Hours: Sun.-Thu. 11 a.m.-10 p.m.; Fri.-Sat. 11 a.m.-midnight
Prices: Appetizers $5-9; sandwiches $6-9; entrees $10-23
Fare: Schizophrenic: game munchies & high falutin'
Atmosphere: Corporate luxury box
Liquor: Full bar
Smoking: None permitted
Like movie-star governors of California, restaurants run by retired sports figures are a long and venerable tradition. But where once those restaurants were neighborhood joints that didn't promise much except the occasional drop-in by the hero himself, recent years have seen corporations commodify the fan experience, hitching root-for-the-home-team passion to precalculated dining scenarios. The formula seems to be this: The star consults with the chef and suggests a few personal favorites; then the hometown is harvested for local staples, a few corporate home-runs are thrown in, and voila! A restaurant named after a person, yet curiously lacking in personality.
Was this the case with Jerome Bettis' Grille 36? Before we even stepped inside, we could see through the windows that the Bus' new dining venture surpassed every other local restaurant in at least one regard: ratio of flat-screen TVs to customers. It appeared to be at least one-to-one, especially in the sleek, spacious wood-and-chrome bar that suggests nothing so much as an upscale office lobby (perhaps that of ESPN). Once we were seated in one of the flanking dining rooms, only five televisions were in our immediate vision. Unfortunately, it was too cool and rainy to sit outside; Grille 36 is surrounded by broad, attractive decks with river views more stunning than any TV broadcast.
The menu seemed designed to please, simultaneously, patrons who hoped to dine in a sports bar and those who would rather be seated before a white tablecloth. World Champion nachos, piled high like a pyramid, or Pacific Rim tuna rolls? Should we have spicy sausage -- presumably from an original tailgater's recipe -- or chipotle shrimp with our rigatoni? We appreciated our waitress' frank guidance. She didn't warn us away from anything, but she also spared us the anodyne "it's all good."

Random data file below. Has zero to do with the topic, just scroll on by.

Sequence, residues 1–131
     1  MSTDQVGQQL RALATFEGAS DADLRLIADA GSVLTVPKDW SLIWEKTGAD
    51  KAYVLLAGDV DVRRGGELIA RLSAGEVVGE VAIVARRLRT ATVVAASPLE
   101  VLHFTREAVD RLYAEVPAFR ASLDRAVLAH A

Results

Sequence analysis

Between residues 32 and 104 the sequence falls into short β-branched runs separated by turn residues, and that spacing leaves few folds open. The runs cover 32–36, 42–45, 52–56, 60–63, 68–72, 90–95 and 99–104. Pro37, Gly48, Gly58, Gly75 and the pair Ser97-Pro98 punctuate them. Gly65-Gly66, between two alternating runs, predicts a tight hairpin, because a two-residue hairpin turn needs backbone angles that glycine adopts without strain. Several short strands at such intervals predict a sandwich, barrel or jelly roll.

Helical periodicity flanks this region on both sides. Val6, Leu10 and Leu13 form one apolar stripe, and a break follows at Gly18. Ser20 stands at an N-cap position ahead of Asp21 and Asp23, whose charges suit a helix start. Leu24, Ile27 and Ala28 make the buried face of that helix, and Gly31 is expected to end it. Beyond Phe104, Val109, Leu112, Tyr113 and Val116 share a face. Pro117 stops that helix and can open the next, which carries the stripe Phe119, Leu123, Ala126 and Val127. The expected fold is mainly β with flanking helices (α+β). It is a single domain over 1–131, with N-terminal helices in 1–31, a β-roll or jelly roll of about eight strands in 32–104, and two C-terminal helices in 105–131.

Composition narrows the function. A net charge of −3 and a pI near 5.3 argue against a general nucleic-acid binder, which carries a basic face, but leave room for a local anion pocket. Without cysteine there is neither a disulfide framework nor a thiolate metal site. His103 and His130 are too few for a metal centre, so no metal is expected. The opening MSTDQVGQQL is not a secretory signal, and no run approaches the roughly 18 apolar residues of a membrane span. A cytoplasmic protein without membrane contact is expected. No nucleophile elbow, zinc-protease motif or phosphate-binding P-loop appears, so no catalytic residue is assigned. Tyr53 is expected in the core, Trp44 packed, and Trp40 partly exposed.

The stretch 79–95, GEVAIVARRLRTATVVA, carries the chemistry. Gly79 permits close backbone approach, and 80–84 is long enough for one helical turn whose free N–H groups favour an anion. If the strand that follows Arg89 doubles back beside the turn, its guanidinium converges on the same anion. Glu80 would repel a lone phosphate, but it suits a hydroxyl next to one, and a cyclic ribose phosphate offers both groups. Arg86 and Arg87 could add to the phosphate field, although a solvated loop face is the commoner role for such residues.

Firecracker popcorn shrimp were neither as hot nor as small as their name suggested, but we found them tasty in their lightly battered and fried state, minus any unctuous glaze. Instead, a subtly sweet dressing provided the foil for the shrimp's slightly spicy savor. Shredded cabbage and ringlets of shaved carrot spilled out of a Chinese takeout container for an attractive and witty presentation.
The Grille's quesadilla, though listed as an appetizer, was as big as a dinner plate. We chose a filling of skirt steak, which was tender and pliant, packed with beefy flavor and well complemented by a melty mix of Spanish cheeses and crispy, roasted-tomato flour tortilla.
In the normal course of events, Jason would have ordered a burger and Angelique a plate of pasta, but at Grille 36 we mixed it up. Angelique likes burgers when they're really, really good, and she figured it was a safe bet that Jerome Bettis' venue could deliver. Unfortunately, she lost. Though the Spicy Spinach Burger had a big, fat patty, the meat itself had a mediocre flavor, as though it were a not-fatty-enough cut of meat. The bleu cheese was not melted, and the buffalo sauce was not spicy enough to live up to the sandwich's name. Happily, the French fries were excellent, crispy on the outside and fluffy within.
Jason tried black-and-gold lobster ravioli, the idea of which was disconcerting on several levels, but the menu description won him with a promise of sherry and lemon cream sauce with basil oil, plus fried leeks and red peppers. Sure enough, the ravioli were striped black and gold, but the visual gimmick mattered a lot less than the sweet cheese and succulent lobster filling, and the sauce -- two sauces, really, with basil and cream on top -- was sophisticated and successful. The only caveat was that Jason found the whole dish a bit on the sweet side and wished for a better balance of flavors.
Finally, Ultimate Mac and Cheese was just that. A blend of four cheeses lent a nutty, tangy, grown-up flavor to the cavatappi, corkscrew-shaped pasta with a more interesting texture than ordinary elbow macaroni. Diced tomato and bacon added smoky, sweet, salty notes to the otherwise uniformly creamy dish.
One of the things Steelers fans love about Bettis was the way he wore down defenses. The first half might feature a lot of two-yard slogs ending well short of a first down, but by the end of the third quarter, the other team was tired of getting knocked down by the Bus. Those runs up the middle blossomed into 5, 10, 20 yards, until the game was over. Jerome Bettis' Grille 36 may not share his personality, but it understands his game: Despite a patchy start, the restaurant won us over in the end.